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How to convert Text to Speech
using C#

Download: TextToSpeech.zip

This example demonstrates how to implement the text-to-speech feature in c#, which is able to convert text messages to audio data. To fully understand this article, you might have to study the How to register to a SIP PBX chapter and the How to ring a SIP extension chapters first.
To use this example, you need to have Ozeki VoIP SIP SDK installed, and a reference to ozeki.dll should be added to your visual studio project.


Figure 1 - Text to Speech conversion

What is Text-To-Speech used for during a SIP voice call? How does it work?

A text-to-speech (TTS) system converts normal language text into speech; other systems render symbolic linguistic representation like phonetic transcriptions into speech.
Users can set text files to be read and sent into the call as speech, which is a very useful feature for example at voicemails, IVRs (Interactive Voice Response), autodialers etc.

Text-to-Speech refers to the ability of computers to read text aloud. A TTS Engine converts written text to a phonemic representation, then converts the phonemic representation to waveforms that can be output as sound. TTS engines with different languages, dialects and specialized vocabularies are available through third-party publishers.

Pulse-code modulation (PCM) is a method, used to digitally represent sampled analog signals. In this example, PCM means the uncompressed form of digital audio data. This example is using the G.711 waveform codec, which is an ITU-T standard for audio companding, and it is primarily used in telephony and to communicate over IP networks. It is a lossless, encoded data (to about 50%), which has got 64 kbit/s transfer rate.

How to implement text-to-speech feature using C#?

Ozeki VoIP SIP SDK provides the c# TextToSpeech class for the purpose to create instances which are able to convert text - which is (or it's path is) given as parameter - to voice data. This instance can be attached to the call through the correct sender object, so the stream of voice data can be be sent to the destination.
The example below introduces how to convert a text message into voice, and play that on the default speaker.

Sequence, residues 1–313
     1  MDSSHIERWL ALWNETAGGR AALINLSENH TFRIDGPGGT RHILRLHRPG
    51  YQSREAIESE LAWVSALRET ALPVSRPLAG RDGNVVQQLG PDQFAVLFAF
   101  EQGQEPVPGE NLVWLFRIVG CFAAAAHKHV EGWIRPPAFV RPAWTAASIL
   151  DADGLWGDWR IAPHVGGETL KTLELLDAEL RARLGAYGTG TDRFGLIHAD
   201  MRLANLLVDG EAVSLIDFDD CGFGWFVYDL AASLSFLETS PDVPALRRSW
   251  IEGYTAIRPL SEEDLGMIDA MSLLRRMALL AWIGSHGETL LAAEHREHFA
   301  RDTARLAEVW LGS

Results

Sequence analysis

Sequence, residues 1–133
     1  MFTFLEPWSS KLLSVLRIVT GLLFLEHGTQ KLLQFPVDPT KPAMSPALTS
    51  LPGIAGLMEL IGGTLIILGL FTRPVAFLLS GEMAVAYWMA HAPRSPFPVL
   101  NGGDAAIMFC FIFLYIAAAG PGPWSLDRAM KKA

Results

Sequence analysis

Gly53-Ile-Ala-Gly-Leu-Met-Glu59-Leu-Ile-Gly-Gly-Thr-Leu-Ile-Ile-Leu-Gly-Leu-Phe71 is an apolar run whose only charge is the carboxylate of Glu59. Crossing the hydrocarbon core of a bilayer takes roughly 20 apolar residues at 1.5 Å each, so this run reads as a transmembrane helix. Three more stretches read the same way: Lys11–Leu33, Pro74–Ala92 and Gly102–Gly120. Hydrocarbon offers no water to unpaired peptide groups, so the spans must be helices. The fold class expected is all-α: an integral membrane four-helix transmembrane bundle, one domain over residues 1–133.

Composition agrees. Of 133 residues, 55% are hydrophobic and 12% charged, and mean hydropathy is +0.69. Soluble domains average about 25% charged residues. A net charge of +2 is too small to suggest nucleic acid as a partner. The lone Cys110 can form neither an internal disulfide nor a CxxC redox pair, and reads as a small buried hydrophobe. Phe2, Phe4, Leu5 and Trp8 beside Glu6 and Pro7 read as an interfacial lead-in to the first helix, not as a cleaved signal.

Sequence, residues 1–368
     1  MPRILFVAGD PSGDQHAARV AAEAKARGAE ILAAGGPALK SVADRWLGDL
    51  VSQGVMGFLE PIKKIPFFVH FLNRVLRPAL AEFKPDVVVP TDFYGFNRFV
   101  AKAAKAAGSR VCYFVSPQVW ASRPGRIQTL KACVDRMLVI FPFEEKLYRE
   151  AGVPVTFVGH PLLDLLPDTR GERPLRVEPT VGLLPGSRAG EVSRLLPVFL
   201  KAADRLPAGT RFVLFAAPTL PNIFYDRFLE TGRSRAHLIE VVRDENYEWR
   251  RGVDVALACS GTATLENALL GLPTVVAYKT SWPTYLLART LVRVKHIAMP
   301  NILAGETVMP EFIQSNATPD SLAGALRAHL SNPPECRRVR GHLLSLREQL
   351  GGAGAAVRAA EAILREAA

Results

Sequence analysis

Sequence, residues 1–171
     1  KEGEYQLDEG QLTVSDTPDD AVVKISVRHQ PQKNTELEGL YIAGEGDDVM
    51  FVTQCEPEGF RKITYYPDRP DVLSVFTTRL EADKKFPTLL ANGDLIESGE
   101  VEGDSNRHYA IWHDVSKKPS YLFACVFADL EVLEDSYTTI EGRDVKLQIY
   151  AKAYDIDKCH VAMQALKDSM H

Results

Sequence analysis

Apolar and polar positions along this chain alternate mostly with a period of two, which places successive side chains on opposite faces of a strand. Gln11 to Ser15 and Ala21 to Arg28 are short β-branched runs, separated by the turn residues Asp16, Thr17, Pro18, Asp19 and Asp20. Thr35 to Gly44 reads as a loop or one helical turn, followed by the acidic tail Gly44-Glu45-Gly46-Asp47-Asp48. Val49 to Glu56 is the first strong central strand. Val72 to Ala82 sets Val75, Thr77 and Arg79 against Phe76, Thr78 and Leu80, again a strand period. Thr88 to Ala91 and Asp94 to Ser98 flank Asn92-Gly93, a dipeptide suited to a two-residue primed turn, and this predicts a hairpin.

Read and send text message as voice data example in C#

using System;
using Ozeki.Media;
using Ozeki.VoIP;

namespace Text_To_Speech
{
    class Program
    {
        static ISoftPhone softphone;   // softphone object
        static IPhoneLine phoneLine;   // phoneline object
        static IPhoneCall call;
        static MediaConnector connector;
        static PhoneCallAudioSender mediaSender;

        private static void Main(string[] args)
        {
            // Create a softphone object with RTP port range 5000-10000
            softphone = SoftPhoneFactory.CreateSoftPhone(5000, 10000);

            // SIP account registration data, (supplied by your VoIP service provider)
            var registrationRequired = true;
            var userName = "858";
            var displayName = "858";
            var authenticationId = "858";
            var registerPassword = "858";
            var domainHost = "192.168.115.100";
            var domainPort = 5060;

            var account = new SIPAccount(registrationRequired, displayName, userName, authenticationId, registerPassword, domainHost, domainPort);

            // Send SIP regitration request
            RegisterAccount(account);

            mediaSender = new PhoneCallAudioSender();
            connector = new MediaConnector();

            // Prevents the termination of the application
            Console.ReadLine();
        }

        static void RegisterAccount(SIPAccount account)
        {
            try
            {
                phoneLine = softphone.CreatePhoneLine(account);
                phoneLine.RegistrationStateChanged += line_RegStateChanged;
                softphone.RegisterPhoneLine(phoneLine);
            }
            catch (Exception ex)
            {
                Console.WriteLine("Error during SIP registration: " + ex);
            }
        }

        static void line_RegStateChanged(object sender, RegistrationStateChangedArgs e)
        {
            if (e.State == RegState.NotRegistered || e.State == RegState.Error)
                Console.WriteLine("Registration failed!");

            if (e.State == RegState.RegistrationSucceeded)
            {
                Console.WriteLine("Registration succeeded - Online!");
                CreateCall();
            }
        }

        private static void CreateCall()
        {
            var numberToDial = "853";
            call = softphone.CreateCallObject(phoneLine, numberToDial);
            call.CallStateChanged += call_CallStateChanged;
            call.Start();
        }

        static void SetupTextToSpeech()
        {
            var textToSpeech = new TextToSpeech();

            mediaSender.AttachToCall(call);
            connector.Connect(textToSpeech, mediaSender);   
            textToSpeech.AddAndStartText("Hello World!");

            Console.WriteLine("The text is converted to speech and being played into the call.");
        }

        static void call_CallStateChanged(object sender, CallStateChangedArgs e)
        {
            Console.WriteLine("Call state: {0}.", e.State);

            if (e.State == CallState.Answered)
                SetupTextToSpeech();
        }
    }

}

Training guides, simple examples

If you would like to visit the detailed developer documentations, you can learn much more from the Ozeki VoIP SIP SDK Training chapter.


If you have any questions or need assistance, please contact us at info@voip-sip-sdk.com

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